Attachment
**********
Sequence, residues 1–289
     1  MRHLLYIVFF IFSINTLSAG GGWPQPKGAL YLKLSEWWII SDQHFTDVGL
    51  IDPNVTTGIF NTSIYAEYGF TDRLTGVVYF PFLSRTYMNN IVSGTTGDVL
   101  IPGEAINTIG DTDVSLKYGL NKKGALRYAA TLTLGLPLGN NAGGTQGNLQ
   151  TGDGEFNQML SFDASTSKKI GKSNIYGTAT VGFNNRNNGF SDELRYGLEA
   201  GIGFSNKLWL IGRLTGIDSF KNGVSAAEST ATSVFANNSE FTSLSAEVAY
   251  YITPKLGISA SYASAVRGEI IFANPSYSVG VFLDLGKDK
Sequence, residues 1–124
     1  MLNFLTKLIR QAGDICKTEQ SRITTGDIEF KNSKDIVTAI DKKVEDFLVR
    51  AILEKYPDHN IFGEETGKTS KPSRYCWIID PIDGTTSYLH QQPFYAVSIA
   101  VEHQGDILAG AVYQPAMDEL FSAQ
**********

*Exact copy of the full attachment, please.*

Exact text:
Sequence, residues 1–289
     1  MRHLLYIVFF IFSINTLSAG GGWPQPKGAL YLKLSEWWII SDQHFTDVGL
    51  IDPNVTTGIF NTSIYAEYGF TDRLTGVVYF PFLSRTYMNN IVSGTTGDVL
   101  IPGEAINTIG DTDVSLKYGL NKKGALRYAA TLTLGLPLGN NAGGTQGNLQ
   151  TGDGEFNQML SFDASTSKKI GKSNIYGTAT VGFNNRNNGF SDELRYGLEA
   201  GIGFSNKLWL IGRLTGIDSF KNGVSAAEST ATSVFANNSE FTSLSAEVAY
   251  YITPKLGISA SYASAVRGEI IFANPSYSVG VFLDLGKDK
Sequence, residues 1–124
     1  MLNFLTKLIR QAGDICKTEQ SRITTGDIEF KNSKDIVTAI DKKVEDFLVR
    51  AILEKYPDHN IFGEETGKTS KPSRYCWIID PIDGTTSYLH QQPFYAVSIA
   101  VEHQGDILAG AVYQPAMDEL FSAQ